Google researchers have found a severe flaw in an obsolete but still used encryption software, which could be exploited to steal sensitive data.
The flaw in SSL 3.0 is more than 15 years old but is still used by modern web browsers and servers. SSL stands for “Secure Sockets Layer,” which encrypts data between a client and server and secures most data sent over the Internet.
Bodo Möller, Thai Duong and Krzysztof Kotowicz of Google developed an attack called “POODLE,” which stands for Padding Oracle On Downgraded Legacy Encryption, according to their research paper.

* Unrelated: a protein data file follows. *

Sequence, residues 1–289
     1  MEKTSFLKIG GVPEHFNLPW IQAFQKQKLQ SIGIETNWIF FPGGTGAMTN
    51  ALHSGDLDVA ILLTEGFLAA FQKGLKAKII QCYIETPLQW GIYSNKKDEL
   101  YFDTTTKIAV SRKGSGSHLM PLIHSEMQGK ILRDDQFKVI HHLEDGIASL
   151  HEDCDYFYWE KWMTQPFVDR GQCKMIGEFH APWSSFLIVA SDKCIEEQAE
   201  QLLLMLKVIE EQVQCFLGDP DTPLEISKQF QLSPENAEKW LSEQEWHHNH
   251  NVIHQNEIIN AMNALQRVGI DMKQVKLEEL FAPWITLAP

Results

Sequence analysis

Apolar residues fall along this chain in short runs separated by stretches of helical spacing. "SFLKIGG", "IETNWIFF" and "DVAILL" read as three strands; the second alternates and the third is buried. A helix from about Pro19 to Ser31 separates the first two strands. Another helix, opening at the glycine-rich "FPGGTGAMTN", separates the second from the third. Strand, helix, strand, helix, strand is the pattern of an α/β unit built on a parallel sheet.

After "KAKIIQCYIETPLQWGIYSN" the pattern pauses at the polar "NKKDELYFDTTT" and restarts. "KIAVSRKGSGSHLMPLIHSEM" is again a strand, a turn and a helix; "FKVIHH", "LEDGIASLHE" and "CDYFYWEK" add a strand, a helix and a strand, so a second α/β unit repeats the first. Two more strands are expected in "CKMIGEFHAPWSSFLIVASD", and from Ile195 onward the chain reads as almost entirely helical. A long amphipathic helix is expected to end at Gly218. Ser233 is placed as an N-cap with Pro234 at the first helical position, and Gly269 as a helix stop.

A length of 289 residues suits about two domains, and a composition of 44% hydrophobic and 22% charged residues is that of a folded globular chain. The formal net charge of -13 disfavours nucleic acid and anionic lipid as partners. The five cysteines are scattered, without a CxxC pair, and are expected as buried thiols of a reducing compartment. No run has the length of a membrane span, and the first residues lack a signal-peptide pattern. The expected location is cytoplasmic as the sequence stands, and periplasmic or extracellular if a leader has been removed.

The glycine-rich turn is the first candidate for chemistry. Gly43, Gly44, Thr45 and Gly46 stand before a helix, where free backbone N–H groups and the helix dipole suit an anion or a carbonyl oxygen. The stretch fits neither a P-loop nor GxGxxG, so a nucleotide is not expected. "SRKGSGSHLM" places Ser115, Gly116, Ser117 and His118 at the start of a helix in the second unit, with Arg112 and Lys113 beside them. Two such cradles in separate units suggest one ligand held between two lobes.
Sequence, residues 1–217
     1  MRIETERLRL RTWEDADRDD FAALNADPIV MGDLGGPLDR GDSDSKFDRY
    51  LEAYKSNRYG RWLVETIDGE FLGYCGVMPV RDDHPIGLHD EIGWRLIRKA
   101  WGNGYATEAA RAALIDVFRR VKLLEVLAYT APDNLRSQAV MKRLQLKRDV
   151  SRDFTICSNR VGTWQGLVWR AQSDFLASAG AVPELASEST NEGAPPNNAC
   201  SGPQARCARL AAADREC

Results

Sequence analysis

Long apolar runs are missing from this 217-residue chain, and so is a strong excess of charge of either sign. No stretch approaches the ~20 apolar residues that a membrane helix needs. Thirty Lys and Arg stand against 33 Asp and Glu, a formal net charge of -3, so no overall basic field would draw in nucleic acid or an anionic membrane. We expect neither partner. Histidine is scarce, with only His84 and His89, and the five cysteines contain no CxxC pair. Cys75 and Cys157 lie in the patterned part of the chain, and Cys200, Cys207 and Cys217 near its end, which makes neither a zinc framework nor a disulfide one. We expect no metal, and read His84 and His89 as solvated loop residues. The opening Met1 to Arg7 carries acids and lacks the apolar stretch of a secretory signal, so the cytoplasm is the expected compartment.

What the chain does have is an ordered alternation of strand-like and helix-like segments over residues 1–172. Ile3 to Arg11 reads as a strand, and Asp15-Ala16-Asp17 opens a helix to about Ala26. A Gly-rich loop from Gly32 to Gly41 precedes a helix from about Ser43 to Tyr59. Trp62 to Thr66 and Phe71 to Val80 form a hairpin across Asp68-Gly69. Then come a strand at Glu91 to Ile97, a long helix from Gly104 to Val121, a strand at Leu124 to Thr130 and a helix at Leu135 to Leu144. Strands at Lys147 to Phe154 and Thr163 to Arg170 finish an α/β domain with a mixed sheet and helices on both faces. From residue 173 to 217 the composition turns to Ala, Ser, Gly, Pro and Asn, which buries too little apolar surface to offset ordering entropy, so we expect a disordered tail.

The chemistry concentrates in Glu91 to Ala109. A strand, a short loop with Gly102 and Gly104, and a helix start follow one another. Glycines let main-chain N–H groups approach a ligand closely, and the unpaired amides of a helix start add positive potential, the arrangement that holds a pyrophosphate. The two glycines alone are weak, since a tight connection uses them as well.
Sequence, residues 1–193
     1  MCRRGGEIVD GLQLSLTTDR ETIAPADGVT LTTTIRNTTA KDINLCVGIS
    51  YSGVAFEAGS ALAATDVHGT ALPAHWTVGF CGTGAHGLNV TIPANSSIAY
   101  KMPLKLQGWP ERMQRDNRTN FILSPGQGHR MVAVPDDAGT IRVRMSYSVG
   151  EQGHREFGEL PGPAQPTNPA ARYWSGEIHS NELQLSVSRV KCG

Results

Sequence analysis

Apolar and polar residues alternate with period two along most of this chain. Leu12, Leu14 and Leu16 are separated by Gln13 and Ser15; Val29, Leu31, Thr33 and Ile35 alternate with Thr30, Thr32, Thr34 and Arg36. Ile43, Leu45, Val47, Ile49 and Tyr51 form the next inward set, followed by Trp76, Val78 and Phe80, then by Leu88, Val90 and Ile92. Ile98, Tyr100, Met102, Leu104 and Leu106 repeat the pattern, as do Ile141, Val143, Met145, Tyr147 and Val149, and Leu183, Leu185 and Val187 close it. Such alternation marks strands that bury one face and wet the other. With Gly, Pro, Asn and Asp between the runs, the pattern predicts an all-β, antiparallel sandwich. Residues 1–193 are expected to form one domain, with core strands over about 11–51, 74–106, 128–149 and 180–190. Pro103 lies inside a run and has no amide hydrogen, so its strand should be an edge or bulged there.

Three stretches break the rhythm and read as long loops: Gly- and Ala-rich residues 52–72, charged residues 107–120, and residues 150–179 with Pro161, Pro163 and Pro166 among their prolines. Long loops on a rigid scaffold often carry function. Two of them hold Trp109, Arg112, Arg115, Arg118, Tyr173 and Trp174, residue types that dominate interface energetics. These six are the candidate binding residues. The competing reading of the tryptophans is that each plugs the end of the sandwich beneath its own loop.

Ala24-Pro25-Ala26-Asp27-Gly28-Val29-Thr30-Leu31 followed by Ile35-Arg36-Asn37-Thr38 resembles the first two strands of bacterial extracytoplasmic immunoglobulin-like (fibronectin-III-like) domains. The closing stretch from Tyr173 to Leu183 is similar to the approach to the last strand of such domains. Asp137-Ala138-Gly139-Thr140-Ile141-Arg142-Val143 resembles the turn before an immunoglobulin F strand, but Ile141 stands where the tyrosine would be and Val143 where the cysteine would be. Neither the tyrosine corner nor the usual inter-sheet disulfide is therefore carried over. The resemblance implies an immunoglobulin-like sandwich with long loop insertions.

Web browsers are designed to use newer versions of SSL or TLS (Transport Layer Security), but most browsers will accommodate SSL 3.0 if that’s all that a server can do on the other end.
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